Dublin for History Lovers

The Vikings made Dublin their home on their arrival, and there's many medieval reminders of the city's old history. But it's the past century which has made its mark the most, both on the physical appearance and the character of how Dublin has developed.

You can see recent Republican history at the GPO's new museum—after you've past the bullet holes in the pillars from the 1916 Uprising. Kilmainham Gaol is where most of the big names in Republican history spent time, and some of them died. And at Glasnevin Cemetery, you'll see the resting place of revolutionary Roger Casement, republican leader Michael Collins and past president Eamon de Valera.

Dublin's history is steeped with famous scribes, and Dublin Writer's Museum showcases their life and works, from Brendan Behan to Oscar Wilde. You'll also see Wilde's former home, and a statue, in the elegant Merrion Square, a fabulous example of the city's Georgian architecture.

Merrion Square

This noble square marks the Georgian heartland of Dublin, once home to Daniel O’Connell at No 58, W B Yeats at 82 and Oscar Wilde at No 1 (now the American College). On the square’s western side is the country house façade of Leinster House, and the entrance to the National Gallery.

Dublin Writers’ Museum

Three centuries of literary excellence by Irish writers are brought to life in this quaint museum in a restored Georgian mansion. It houses a huge collection of books, letters, portraits and personal items of the likes of Oscar Wilde, George Bernard Shaw and W. B. Yeats.

Old Library & Book of Kells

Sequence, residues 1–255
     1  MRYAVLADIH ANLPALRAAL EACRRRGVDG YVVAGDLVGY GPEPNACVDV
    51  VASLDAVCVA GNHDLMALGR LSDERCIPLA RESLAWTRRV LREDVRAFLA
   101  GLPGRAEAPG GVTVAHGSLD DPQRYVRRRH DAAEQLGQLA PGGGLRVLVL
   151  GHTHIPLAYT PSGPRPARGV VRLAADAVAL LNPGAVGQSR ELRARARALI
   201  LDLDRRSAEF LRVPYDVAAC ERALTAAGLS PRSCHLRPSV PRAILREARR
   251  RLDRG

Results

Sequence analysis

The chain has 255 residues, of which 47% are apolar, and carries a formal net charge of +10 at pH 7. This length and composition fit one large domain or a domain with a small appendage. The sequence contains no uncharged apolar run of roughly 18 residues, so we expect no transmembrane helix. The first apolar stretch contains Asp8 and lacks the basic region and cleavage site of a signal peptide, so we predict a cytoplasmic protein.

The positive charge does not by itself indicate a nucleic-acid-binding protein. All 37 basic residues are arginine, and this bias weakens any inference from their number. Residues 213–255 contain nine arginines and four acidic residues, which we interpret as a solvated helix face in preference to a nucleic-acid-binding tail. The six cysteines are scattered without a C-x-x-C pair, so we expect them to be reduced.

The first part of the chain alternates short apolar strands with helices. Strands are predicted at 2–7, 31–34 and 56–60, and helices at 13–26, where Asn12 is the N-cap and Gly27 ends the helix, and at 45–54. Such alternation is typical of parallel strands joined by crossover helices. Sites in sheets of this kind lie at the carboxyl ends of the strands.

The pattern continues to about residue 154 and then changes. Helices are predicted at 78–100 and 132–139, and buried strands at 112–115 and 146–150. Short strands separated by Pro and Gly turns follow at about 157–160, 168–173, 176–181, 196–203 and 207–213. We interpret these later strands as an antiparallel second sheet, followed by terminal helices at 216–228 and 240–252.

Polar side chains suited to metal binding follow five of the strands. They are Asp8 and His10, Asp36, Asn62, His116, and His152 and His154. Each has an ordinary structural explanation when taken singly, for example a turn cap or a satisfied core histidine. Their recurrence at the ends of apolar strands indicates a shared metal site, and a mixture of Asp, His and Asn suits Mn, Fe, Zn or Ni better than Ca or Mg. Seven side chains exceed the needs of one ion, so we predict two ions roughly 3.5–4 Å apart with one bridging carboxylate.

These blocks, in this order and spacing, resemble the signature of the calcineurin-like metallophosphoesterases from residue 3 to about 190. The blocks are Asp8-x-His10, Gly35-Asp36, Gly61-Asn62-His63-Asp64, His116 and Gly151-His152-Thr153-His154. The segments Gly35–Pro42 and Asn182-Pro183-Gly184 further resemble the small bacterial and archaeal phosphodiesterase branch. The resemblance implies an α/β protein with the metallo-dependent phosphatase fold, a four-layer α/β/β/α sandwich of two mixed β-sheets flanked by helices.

Located inside Trinity College’s 18th-century Old Library, the exhibition ‘Turning Darkness Into Light’ shows off the 9th-century gospel manuscripts, the Book of Kells. Beautifully decorated, the manuscripts contain the four gospels in Latin, written on calfskin.

Kilmainham Gaol

The former jail of many of Ireland’s revolutionaries, in use between the 1780s and 1920s, saw hundreds of men suffer and die for their belief in independence in the uprisings of 1798, 1803, 1848, 1867, 1916 and 1922. A museum covers the early 20th-century political history of Ireland, prison memorabilia and a guided tour.

St. Patrick's Cathedral

The national cathedral of the Church of Ireland is the nation’s largest church, and was built in honour of Ireland’s patron saint.

Trinity College

Ireland’s oldest university is a time capsule of smooth lawns, cobblestones, statuary and formal buildings, reminiscent of Oxford’s dreaming spires. In Library Square is the Campanile, beside which is a Henry Moore statue, "Reclining Connected Form".

General Post Office

This landmark colonnaded building, in addition to being the headquarters of An Post, the Irish postal service, also has a place in history; during the 1916 Uprising on Easter Monday, it was a key venue for the rebels – which you can see from the bullet holes in the pillars outside from that dramatic day.

Jim Larkin Statue

This huge bronze statue of Jim Larkin (1874–1947) stands outside the GPO. Born in Liverpool, UK, he was the first leader of the Irish Labour Party and founded the Irish Transport & General Workers' Union, and was a strong campaigner for many of Ireland's poorest workers.

Croke Park

For more than a century, this historic ground has been home to traditional Gaelic games, and is headquarters of the Gaelic Games Association. There are regular Gaelic Football and hurling matches here, with the two biggest games in September.

James Joyce Museum

This cliff-top Martello tower south of Dublin houses literary memorabilia associated with the great writer, and features in his epic novel "Ulysses". You can access the roof via a narrow winding staircase for views of Dublin Bay. Apr-Aug Tue-Sat 10am-5pm (closed 1pm-2pm), Sun 2pm-6pm. Admission free.